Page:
Year of uncertainty in the virtual currency markets
In 2022, unprecedented uncertainty prevailed in the virtual currency markets. The European Supervisory Authorities and the FIN-FSA had warned about risks related to virtual currencies on several occasions, and unfortunately many of these risks materialised towards the end of the year, also for Finnish investors. In November, FTX, one of the largest virtual currency exchanges, fell into a downward spiral, ending up in bankruptcy. Underlying this, severe misconduct was uncovered, and the founder of FTX is being charged with one of the largest financial crimes in the history of the United States. Numerous other cases of misconduct were also revealed in the sector.
Virtual currencies became a prominent phenomenon in 2021 and, according to the Finnish Tax Administration, Finns also made considerable profits on them. The value of the virtual currency markets reached an all-time high towards the end of 2021. Following the events in autumn 2022 and the revelation of numerous cases of misconduct, the total market value melted to less than a third of its peak.
In 2022, individual investors and citizens in Finland suffered losses. In February 2023, there were nine registered virtual currency providers in Finland. The FIN-FSA has an ongoing review concerning their potential links to problem-ridden international operators. According to the FIN-FSA’s information, incumbent Finnish financial sector institutions have not embarked on virtual currencies nor have they begun to provide virtual currency services.
2022 demonstrated the need for stronger regulation
The gross misconduct seen in 2022 tells of the inadequacy of regulation and the vulnerabilities caused by the scant regulation. Current regulation on virtual currency providers is based on the EU AML Directive, and it is considerably more limited than the regulation of more conventional investment activities, such as securities trading on stock exchanges or investment fund activities. There are no particular provisions on investor protection, and the disclosure obligation towards clients is at a rather general level. Information available on virtual currencies may therefore be very deficient and biased. In addition, investors have weak protection measures in problem situations.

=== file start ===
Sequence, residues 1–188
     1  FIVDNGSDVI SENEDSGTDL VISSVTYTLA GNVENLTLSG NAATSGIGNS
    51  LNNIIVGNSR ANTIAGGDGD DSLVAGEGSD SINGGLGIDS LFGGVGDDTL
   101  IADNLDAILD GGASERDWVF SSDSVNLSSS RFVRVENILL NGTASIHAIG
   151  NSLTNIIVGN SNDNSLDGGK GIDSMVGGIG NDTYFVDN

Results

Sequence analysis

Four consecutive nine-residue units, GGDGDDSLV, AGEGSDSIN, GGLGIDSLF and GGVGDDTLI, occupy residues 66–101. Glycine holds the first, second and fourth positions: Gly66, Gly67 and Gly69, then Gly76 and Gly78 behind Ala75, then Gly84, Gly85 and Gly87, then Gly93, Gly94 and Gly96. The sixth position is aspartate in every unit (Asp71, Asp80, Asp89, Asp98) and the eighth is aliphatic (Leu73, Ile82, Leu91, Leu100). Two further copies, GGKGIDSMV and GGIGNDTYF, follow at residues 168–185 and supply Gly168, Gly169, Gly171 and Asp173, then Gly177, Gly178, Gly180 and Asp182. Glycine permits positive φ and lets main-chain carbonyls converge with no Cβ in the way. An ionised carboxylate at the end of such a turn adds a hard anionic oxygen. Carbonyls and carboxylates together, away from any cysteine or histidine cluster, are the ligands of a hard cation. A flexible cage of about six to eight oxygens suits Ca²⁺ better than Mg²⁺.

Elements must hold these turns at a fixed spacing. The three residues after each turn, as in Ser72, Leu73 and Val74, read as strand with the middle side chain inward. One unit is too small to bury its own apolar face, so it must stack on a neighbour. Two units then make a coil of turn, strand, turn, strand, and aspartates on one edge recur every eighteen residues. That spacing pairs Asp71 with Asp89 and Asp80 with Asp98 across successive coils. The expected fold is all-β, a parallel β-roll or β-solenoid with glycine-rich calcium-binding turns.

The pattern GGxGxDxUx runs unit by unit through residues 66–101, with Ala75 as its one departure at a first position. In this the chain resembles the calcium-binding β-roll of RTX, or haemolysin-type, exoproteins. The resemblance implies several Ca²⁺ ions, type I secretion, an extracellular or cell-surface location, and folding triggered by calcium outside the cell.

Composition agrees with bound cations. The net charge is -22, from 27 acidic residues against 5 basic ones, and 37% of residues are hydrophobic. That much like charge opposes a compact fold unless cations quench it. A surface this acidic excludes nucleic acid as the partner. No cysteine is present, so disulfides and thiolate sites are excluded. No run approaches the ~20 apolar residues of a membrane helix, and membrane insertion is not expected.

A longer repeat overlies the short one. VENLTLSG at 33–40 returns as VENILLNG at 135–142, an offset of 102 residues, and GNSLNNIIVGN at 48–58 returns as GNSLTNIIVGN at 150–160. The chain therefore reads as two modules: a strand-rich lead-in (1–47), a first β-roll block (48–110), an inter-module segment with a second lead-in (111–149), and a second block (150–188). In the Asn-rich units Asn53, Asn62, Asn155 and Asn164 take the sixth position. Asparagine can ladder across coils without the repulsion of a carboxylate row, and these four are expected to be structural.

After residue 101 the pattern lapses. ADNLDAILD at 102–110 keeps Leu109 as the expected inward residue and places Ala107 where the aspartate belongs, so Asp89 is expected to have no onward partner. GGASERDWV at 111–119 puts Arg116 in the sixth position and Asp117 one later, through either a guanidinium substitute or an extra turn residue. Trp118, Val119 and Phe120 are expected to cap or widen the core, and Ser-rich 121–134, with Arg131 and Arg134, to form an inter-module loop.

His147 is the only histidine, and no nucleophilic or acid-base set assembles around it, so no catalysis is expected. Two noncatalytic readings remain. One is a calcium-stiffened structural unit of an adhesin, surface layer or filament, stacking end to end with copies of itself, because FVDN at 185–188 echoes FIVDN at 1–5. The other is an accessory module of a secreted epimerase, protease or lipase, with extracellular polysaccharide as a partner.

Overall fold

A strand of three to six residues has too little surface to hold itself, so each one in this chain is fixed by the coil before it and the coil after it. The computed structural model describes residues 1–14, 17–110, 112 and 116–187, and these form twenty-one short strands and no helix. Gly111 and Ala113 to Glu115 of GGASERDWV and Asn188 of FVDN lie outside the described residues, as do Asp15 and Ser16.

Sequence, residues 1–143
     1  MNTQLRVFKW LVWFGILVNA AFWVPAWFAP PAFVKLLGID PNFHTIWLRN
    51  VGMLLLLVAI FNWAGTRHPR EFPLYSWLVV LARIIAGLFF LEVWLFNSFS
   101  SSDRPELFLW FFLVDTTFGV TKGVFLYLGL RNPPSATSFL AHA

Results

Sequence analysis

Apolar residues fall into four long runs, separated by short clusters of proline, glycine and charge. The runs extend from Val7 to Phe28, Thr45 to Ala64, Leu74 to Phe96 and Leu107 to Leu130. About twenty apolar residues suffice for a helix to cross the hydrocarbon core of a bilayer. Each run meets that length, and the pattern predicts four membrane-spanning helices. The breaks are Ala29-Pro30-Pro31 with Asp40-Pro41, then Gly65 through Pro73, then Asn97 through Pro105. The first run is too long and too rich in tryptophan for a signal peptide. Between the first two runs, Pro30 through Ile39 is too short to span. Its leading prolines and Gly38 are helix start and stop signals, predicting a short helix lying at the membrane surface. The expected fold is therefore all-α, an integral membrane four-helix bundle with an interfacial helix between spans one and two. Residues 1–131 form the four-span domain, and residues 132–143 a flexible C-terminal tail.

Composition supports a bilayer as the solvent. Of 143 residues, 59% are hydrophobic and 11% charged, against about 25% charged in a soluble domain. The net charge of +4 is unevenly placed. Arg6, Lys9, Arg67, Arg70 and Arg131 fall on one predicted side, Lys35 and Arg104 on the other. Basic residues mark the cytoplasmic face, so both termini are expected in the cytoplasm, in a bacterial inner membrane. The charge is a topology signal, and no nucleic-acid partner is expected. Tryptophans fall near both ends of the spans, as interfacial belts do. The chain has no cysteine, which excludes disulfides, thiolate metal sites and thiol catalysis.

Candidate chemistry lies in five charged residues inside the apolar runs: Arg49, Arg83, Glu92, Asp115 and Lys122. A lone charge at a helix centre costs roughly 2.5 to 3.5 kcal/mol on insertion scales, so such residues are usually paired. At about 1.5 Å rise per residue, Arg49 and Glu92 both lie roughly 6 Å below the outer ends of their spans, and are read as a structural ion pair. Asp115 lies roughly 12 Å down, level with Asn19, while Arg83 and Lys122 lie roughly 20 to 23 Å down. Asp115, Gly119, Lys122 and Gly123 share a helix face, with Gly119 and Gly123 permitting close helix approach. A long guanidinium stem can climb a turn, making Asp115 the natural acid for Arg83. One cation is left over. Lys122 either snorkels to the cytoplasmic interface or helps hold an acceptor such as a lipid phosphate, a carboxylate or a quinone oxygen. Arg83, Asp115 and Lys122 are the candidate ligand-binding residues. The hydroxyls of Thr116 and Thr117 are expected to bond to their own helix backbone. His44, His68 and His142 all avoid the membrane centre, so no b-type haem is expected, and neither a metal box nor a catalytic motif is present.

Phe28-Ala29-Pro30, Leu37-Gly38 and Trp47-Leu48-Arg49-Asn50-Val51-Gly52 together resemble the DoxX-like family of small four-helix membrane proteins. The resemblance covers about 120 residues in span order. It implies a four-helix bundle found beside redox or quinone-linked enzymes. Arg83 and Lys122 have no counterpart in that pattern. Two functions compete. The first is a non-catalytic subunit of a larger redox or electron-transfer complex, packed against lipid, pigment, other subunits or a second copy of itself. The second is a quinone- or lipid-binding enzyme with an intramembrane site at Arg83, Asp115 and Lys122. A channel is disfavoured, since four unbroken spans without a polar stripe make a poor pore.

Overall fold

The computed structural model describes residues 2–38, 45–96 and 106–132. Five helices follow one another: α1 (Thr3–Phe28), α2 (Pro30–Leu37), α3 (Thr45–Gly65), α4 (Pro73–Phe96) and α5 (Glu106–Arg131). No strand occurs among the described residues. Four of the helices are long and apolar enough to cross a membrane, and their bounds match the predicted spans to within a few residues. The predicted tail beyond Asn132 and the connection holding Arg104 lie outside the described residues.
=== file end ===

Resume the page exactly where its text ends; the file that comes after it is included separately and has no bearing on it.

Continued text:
In autumn 2020, the European Commission published a proposal for a Regulation on service provision related to virtual currencies. Following the Regulation, the rules applicable to virtual currency providers would tighten, and they would be required, among other things, to provide better investor information, establish a complaints handling procedure and notify client of conflicts of interests. The Regulation will also address prevention of market abuse.
The Regulation has not yet been adopted, but the preparations are in the finishing straight.
What does the future look like?
The turbulent year made many people ponder the future of virtual currencies. Representatives of the European Central Bank suggested that Bitcoin, the popular virtual currency, is fading fast into irrelevance1. According to the ECB, Bitcoin’s technological shortcomings make it questionable as a means of payment, in addition to being unsuitable as an investment because its value is based purely on speculation.
In the near future, virtual currencies may continue to attract some investors despite the associated risks. Regulation must respond to these developments. Technology and service models are developing at a furious pace, and therefore regulation must also closely reflect the development of the sector. At the same time, regulation must be technology-neutral and forward-looking enough, and it cannot be prepared solely from the perspective of the current market situation.
Legislative processes at the EU level are slow. Even though regulation is being developed and assessed on a regular basis, investors dealing with virtual currencies must remain cautious. The investor must be prepared for sharp fluctuations in value, including a significant depreciation. The investor must be able to tolerate extremely uncertain performance and be prepared for potential theft and fraud.
The investor must also understand and carefully assess the risks of the investment. They should never invest more than they can afford to lose, and should also have a healthy suspicion of products and services, even where they are offered by a supervised service provider.
A list of supervised service providers can always be found at the relevant national supervisor’s website and, in the future, there will also be a centralised EU register where one can check the authorisation status of all European service providers. One should also bear in mind that the energy consumption of some virtual currencies is remarkably high, among other things due to their mining processes. The potential environmental impacts should be taken into consideration.
It is estimated that there are over 20,000 different virtual currencies. 2022 showed that prudence is an asset in the markets, particularly when the marketing seems too good to be true.
1 ECB’s blog "Bitcoin’s last stand" (30 November 2022).